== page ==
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Mini Beee’s approach to circular design

Mini Beee’s approach to circular design

At Mini Beee we aim to build our furniture in a way that it fits the principles of a circular economy. Our ultimate goal is to create a profoundly sustainable production process, which utilises innovative thinking and a selfless, forward-thinking approach to design. 

As you will probably know already, sustainability is a huge part of what we do. At Mini Beee, we consider every single element of our process in minute detail, and think about how we can make it more environmentally friendly. 


This is because, quite simply, we believe that taking care of the preservation of the planet is one of the most important jobs that we all have. 


The natural world has formed a huge part of our own childhood, and it will continue to shape the play, fun and development of many generations to come. But, right now, it needs our help. 


We are in no way ignorant of the fact that we are producers ourselves. So, if we don’t do our job right, we could become part of the problem. That’s why we’re so conscious of what we make and how we make it - we want to be a part of the eco-conscious producers who work across the world, and make their mark on it in a positive way.


In a previous blog, we shared the concept of circular design with you. But in this blog post, we want to take it one step further. Here, we’ll be speaking to one of Mini Beee’s co-founders about the nitty gritty of circular design, and its place in our production process.  


Thinking about eco-consciousness 


Our ultimate goal is to create a profoundly sustainable production process, which utilises innovative thinking and a selfless, forward-thinking approach to design. 


And (not to toot our own horn), but we believe we can achieve that aspiration. We keep our production process as sustainable as possible by keeping ourselves informed, learning about the latest developments, and applying the ideas formed by the globe’s great eco-conscious thinkers. 


A key environmental production principle, which has received a lot of attention lately, is circular design. 


We always ensure that we are read-up on these big topics, and the concept of circular design was one which particularly interested us. 


Many elements of our process were already in-line with circular design, but we wanted to use this intelligent concept to take the sustainability of our company to the next level. 


We spoke to Marjolein, one of Mini Beee’s co-founders, about the topic of circular design, and how it has shaped Mini Beee’s production. She shared her thoughts on why it was so important, and how the concept is implemented across Mini Beee’s entire product range.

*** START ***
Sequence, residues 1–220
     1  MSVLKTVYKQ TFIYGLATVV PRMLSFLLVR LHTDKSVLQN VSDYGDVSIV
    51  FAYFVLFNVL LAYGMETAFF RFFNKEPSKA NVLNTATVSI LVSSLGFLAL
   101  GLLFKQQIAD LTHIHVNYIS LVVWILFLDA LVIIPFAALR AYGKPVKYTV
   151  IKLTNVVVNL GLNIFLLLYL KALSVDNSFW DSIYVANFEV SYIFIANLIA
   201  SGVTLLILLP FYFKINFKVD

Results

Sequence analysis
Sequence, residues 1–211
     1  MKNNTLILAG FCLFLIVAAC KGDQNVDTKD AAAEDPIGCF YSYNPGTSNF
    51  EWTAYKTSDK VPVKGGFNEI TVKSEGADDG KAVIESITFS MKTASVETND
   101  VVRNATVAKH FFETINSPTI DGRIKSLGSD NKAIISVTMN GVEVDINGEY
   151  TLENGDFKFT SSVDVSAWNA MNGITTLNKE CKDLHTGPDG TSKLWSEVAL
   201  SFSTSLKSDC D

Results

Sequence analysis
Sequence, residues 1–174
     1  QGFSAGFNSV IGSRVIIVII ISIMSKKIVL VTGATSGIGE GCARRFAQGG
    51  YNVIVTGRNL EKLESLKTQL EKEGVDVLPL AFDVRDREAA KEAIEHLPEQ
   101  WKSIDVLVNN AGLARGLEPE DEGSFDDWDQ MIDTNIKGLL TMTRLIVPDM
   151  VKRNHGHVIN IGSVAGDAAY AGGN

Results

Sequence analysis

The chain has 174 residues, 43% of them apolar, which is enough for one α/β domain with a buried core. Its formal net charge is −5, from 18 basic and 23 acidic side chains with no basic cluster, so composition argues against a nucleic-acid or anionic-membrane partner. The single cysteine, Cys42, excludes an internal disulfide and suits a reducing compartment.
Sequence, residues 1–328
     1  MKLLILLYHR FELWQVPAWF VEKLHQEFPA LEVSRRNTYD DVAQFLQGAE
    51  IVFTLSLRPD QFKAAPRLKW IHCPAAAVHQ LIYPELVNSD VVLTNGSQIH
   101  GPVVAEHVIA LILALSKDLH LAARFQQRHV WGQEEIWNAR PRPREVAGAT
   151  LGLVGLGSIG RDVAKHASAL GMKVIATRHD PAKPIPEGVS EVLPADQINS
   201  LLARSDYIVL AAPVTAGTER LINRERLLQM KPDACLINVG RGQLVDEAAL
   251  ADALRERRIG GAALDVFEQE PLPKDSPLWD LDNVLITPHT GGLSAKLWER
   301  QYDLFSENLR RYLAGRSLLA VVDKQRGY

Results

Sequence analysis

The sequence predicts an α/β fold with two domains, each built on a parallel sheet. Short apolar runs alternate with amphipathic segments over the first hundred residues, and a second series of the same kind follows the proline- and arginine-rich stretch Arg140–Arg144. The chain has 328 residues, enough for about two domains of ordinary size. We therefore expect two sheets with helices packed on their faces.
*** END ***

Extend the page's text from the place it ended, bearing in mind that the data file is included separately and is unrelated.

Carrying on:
Applying circular design - starting from the very beginning


In order to implement circular design, the production process needs to be analysed from every possible angle. That includes the very first step - the design of the products. 


Design is something that we see every single day. 


Everything around us has been designed by someone: the buildings we live in, our furniture, our clothes, our food, and so on. 


To help us understand this on its full scale, The Montreal Design Declaration defines design as “the application of intent: the process through which we create the material, spatial, visual and experiential environments in a world made ever more malleable by advances in technology and materials, and increasingly vulnerable to the effects of unleashed global development.”


In other words, design is how we create products, services and systems. It is the mechanism by which we shape the (material) environment around us to meet our needs and desires. 


And you can see how, in Mini Beee’s processes, every step of the process is assessed in this way. 


“When we design our Mini Beee furniture, or choose a supplier to work with, we have to make important decisions that impact our whole business process. We have to consider how it is manufactured, how it is used, and what happens when it is no longer needed or wanted. 


“This is so important to us because, if they have undesirable consequences in the future, it is exceedingly difficult to go back and undo the effects of those decisions.”


Circular VS Linear design 


The next big thing in the world of design is circular. 

The first principle of a circular economy lies in reconsidering the way that we approach design, in order to “design out waste and pollution.”


However, the reality is that today, most things are still designed to fit the linear model. At Mini Beee, this means that when we build our furniture, almost everything we do needs to be well thought out or redesigned entirely, in order to fit the principles of a circular economy.